One of the films I was looking forward to the most was Rob Garver’s What She Said: The Art of Pauline Kael. The documentary features names like Sarah Jessica Parker, Quentin Tarantino and David O. Russell, but the star, of course, is the critic herself. I wouldn’t be saying anything revelatory if I said how much she opened my eyes to the way — an intensely personal way — one can watch and absorb a movie. Hundreds of working critics will vouch for this. Filmmakers, too. In a clip from the documentary that surfaced during its post-production (and was written about in The New Yorker), Tarantino says, “We grew up reading Pauline Kael. She was our Kerouac.” That’s no exaggeration. Of On the Road, Allen Ginsberg said: “It turned on an entire generation.” Kael’s reviews did the same to a movie generation.
If you are familiar with Kael’s life and times, there’s little here that’s truly new information. (This raises the question: How will this film speak to those who don’t know Kael? Are the bits and pieces read out from her review enough to convey a sense of why she still matters?) The narrative halts at all the milestones. The super-critical Sound of Music review (she called it a “sugar-coated lie”) that got her fired. The auteur-theory slanging match with Andrew Sarris. The Bonnie and Clyde review that made her reputation, and, in a way, made the movie. Her days as The New Yorker’s critic. Her evisceration of David Lean, which left the great director shattered. The public outrage over her Shoah review. (The importance of the subject matter, even if it’s the Holocaust, does not make a film important, she argued.)
If What She Said does not dwell on the more, well, criticised stretches of this critic’s career — her humiliating Hollywood stint, where she turned producer, is just glossed over — it doesn’t matter. This isn’t an… evisceration. It’s a celebration — of both Kael and movie-love (which is what she was all about). When we hear about Kael’s dating life, we cut to a clip of Clark Gable and Claudette Colbert in It Happened One Night. When we hear about one of her early jobs, we cut to Jack Lemmon walking into his office in The Apartment. This cross-cutting gives a sense of a life that constantly found itself in the movies. In one of her review-compilation books, she wrote: “I’m frequently asked why I don’t write my memoirs. I think I have.” She poured herself into the films she saw, and the reviews she wrote about them. That was her autobiography, though the most autobiographical bit in this film may be when Kael is asked about her favourite books as a child. She names the Oz books. “There was no message for us. And the characters were just there for our pleasure.” That was her.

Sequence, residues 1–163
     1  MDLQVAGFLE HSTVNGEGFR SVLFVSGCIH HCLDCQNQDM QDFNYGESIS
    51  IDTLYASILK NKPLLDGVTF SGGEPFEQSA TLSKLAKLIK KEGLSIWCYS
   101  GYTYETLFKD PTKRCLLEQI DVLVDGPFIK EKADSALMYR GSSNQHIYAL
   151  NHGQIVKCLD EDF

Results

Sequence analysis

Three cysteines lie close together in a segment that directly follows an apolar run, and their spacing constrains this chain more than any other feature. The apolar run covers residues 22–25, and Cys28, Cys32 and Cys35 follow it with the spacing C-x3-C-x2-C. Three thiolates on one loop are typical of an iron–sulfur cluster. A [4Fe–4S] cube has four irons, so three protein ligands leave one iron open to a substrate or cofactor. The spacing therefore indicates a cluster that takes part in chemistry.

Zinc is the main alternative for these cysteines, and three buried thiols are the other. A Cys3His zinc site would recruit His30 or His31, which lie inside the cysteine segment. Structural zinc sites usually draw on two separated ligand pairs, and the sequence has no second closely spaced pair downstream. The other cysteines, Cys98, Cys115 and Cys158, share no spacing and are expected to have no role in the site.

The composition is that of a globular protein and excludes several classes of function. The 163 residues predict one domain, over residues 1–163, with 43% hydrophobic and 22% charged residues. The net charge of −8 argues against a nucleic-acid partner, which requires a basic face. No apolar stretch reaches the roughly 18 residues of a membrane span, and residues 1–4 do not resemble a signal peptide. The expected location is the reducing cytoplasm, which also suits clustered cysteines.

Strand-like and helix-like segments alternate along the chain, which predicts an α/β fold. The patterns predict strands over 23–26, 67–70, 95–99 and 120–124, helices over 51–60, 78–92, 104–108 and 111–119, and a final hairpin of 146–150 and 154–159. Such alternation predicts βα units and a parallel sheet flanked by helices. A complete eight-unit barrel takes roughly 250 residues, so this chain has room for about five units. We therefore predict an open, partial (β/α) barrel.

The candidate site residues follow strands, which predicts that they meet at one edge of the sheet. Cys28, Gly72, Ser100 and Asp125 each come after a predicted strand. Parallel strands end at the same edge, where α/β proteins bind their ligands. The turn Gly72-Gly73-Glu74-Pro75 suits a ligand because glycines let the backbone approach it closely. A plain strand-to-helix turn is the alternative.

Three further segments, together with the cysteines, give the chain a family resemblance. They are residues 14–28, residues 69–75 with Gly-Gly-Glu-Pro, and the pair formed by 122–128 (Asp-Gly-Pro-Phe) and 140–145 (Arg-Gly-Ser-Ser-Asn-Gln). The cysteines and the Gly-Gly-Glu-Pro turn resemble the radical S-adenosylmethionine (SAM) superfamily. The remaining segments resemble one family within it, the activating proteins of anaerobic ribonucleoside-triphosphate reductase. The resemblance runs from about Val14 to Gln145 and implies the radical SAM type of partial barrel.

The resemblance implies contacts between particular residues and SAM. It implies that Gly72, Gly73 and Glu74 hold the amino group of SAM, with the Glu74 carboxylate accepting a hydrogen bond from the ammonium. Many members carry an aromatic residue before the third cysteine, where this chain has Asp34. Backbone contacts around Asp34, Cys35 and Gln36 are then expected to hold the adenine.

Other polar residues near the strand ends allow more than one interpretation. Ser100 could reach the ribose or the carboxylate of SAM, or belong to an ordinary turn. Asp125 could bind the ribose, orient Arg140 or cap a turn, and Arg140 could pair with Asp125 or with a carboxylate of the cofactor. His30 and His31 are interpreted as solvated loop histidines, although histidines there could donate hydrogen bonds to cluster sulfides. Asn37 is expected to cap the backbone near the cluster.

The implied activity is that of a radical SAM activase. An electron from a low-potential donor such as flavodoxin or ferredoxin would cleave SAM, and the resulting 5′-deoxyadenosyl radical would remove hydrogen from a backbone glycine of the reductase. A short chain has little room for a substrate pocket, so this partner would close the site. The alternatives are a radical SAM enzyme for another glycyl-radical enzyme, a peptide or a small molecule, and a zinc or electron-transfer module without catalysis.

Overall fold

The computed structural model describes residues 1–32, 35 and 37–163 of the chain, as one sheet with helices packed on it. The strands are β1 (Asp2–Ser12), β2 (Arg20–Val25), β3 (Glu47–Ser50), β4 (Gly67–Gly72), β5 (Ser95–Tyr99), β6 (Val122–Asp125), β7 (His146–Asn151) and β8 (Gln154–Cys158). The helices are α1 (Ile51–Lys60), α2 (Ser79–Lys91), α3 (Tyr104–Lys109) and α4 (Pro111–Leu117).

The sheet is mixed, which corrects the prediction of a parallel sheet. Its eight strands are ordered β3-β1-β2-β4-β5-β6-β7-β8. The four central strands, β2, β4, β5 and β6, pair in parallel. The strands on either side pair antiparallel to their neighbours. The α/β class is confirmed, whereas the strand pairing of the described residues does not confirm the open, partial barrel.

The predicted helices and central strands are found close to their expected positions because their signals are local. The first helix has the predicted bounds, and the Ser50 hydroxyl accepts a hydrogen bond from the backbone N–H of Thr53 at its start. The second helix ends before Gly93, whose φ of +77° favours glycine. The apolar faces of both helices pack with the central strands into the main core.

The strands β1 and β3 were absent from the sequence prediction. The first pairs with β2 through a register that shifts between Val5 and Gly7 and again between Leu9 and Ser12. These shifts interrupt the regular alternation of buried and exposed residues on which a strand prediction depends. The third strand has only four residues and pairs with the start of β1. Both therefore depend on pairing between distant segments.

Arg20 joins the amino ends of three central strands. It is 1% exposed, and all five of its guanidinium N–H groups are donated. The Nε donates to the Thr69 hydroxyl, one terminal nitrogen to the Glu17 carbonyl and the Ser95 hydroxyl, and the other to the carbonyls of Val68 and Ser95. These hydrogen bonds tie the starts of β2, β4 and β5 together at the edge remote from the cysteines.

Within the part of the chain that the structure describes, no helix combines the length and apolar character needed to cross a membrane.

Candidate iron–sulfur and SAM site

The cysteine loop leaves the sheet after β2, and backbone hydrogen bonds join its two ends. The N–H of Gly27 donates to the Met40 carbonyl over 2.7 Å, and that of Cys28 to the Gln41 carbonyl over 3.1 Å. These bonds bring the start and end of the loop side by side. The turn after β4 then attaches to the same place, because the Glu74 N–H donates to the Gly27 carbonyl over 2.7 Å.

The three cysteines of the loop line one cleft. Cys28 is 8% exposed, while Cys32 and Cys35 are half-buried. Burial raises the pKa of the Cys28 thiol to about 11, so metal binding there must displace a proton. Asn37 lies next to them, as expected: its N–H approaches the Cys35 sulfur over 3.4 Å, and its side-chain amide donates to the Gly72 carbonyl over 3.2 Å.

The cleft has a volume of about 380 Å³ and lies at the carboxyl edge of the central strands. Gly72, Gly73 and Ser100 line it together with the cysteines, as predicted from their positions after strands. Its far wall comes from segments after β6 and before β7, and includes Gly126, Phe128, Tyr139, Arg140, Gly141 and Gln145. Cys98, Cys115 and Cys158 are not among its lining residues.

Camille Paglia, one of the many people here who speak about Kael, says that one doesn’t read reviews to be converted to the critic’s viewpoint. “A critic should stimulate you to develop your own opinion.” Which is why it doesn’t matter whether you “agreed” with Kael. Sometimes, it was more rewarding to read her when you didn’t. Clearly, she lived the way she wrote her reviews, boldly and without apology. She spoke the way she wrote, too. After one of her scathing reviews, she was given the all-too-familiar “why don’t you go make a movie first?” retort. She said, “You don’t want to have to lay an egg to know that it tastes good.” She explains why a writing career is such a joy: “Writing is putting down what you think, and so you’re being paid for what you think. I can’t think of a better way to live.” I’ve done some paraphrasing there, but you still see the person she was, the personality she was. She needed the movies and the movies of the time needed her. Every time I imagine her writing weekly reviews now, in these superhero- and franchise-infested times, I think of Norma Desmond in Sunset Boulevard declaring, “I am big. It’s the pictures that got small.”
Udita Bhargava is easily one of the more interesting filmmakers at the festival. Introducing her feature debut, Dust, which was world-premiered in the Perspektive Deutsches Kino section, one of the programmers said, “We’ve had Udita on our radar for quite some time, and we’re glad it worked out now.” Watching the film, you see why. The synopsis in the brochure is all about plot: “A man retraces the footsteps of his lost love. His journey takes him into the troubled heart of India and inexorably leads to a confrontation with the past.” But the film is all about mood, imagery. For instance, the picture of a little boy that comes into focus as the negative is developed. CUT TO the present. The photograph lies on a bed, crumpled. And nearby lies the man (Danish actor Morten Holst) who will go searching for the boy.
Dust is as poetic a title as you can expect for a film about the Maoist conflicts in central India. At the beginning, Vinay Pathak’s voice utters, “Hum ladenge aakhir tak, mitti ke liye.” (We will fight till the end, for our land.) But there’s no actual fighting. Vinay Pathak’s face, painted on a wall, is riddled with bullets — that’s the vague sense of violence we are left with. And we are left with the sense of being an outsider to the problems of these people. (What better way to emphasise this outsider-ness than by casting a foreigner, who is an outsider even to India!) Landlessness is seen in the city, too — a man carries around a makeshift tent as high rises loom around him. But unlike the Vinay Pathak character, he can do nothing about it. He is resigned to his fate. Dust is an abstract painting about a concrete issue. It will be very interesting to see what this director does next.